Plaintiff contends de novo review should apply because the Court cannot consider the Plan's governing documents, as they are not part of the administrative record. (Dkt. No. 42 at 12.) This assertion is untenable and unsupported by legal authority. An administrative record includes all facts known to a plan administrator at the time of the administrator's decision. See, e.g., Jones v. Aetna U.S. Healthcare, 136 F.Supp.2d 1122, 1132 (C.D. Cal. 2001); Helton v. AT & T Inc., 709 F.3d 343, 352 (4th Cir. 2013); Jett v. Blue Cross and Blue Shield of Ala., Inc., 890 F.2d 1137, 1139 (11th Cir. 1989). The Plan's governing documents surely represented facts know to Premera. Without them it would have been unable to make benefit determinations consistent with Plan standards.

         Plaintiff also contends that de novo review should apply because IRO review is an option mandated by state law, see Wash. Rev. Code § 48.43.535, and therefore Washington has effectively removed the Plan Administrator's discretionary authority. (Dkt. No. 44 at 9) (citing K.F. ex rel. Fry v. Regence Blueshield, C08-0890-RSL, slip op., at *2 (W.D. Wash. Sept. 10, 2008)). This Court does not find Plaintiff's argument persuasive in light of Yox v. Providence Health Plan, 659 Fed.Appx. 941, 943-44 (9th Cir. 2016) (reviewing a plan administrator's benefit denial decision for an abuse of discretion, despite the existence of a comparable IRO review mandate).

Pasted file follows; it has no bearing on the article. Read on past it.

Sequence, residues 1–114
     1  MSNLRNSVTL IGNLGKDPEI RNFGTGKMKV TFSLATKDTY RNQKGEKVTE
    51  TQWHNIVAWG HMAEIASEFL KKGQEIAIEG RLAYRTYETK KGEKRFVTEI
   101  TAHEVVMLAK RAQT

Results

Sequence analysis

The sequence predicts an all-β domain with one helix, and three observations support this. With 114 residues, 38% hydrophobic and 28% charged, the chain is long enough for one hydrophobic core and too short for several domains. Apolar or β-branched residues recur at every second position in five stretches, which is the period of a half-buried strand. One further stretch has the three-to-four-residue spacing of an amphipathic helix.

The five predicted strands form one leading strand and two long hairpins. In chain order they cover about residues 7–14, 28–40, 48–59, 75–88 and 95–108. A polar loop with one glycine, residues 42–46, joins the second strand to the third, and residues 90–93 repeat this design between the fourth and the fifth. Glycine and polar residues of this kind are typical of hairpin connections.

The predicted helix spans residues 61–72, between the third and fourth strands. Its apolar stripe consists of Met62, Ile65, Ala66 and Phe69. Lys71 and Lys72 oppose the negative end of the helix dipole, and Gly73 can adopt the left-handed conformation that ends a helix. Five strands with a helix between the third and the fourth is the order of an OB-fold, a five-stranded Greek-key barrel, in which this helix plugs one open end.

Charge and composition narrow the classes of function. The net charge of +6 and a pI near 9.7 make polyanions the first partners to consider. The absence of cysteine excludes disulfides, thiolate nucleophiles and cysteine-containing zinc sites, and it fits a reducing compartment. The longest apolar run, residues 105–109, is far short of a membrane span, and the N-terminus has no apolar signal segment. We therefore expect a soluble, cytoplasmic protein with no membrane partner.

Normally, the standard for an abuse of discretion is high. A plan administrator abuses its discretion when its decision is “(1) illogical, (2) implausible, or (3) without support in inferences that may be drawn from the facts in the record.” Salomaa v. Honda Long Term Disability Plan, 642 F.3d 666, 676 (9th Cir 2011). However, where a plan administrator is also the insurer, as is the case here, a more searching analysis is required. Id. at 674. The Court must consider case-specific factors such as “the administrator's conflict of interest, ” the “quality and quantity of medical evidence, ” and whether “the administrator provided its independent experts with all of the relevant evidence.” Montour v. Hartford Life & Acc. Ins. Co., 588 F.3d 623, 630 (9th Cir. 2009) (citing Metro. Life Ins. Co. v. Glenn, 554 U.S. 105, 118 (2008)) (internal quotations marks omitted). A court must make ‚Äúsomething akin to a credibility ...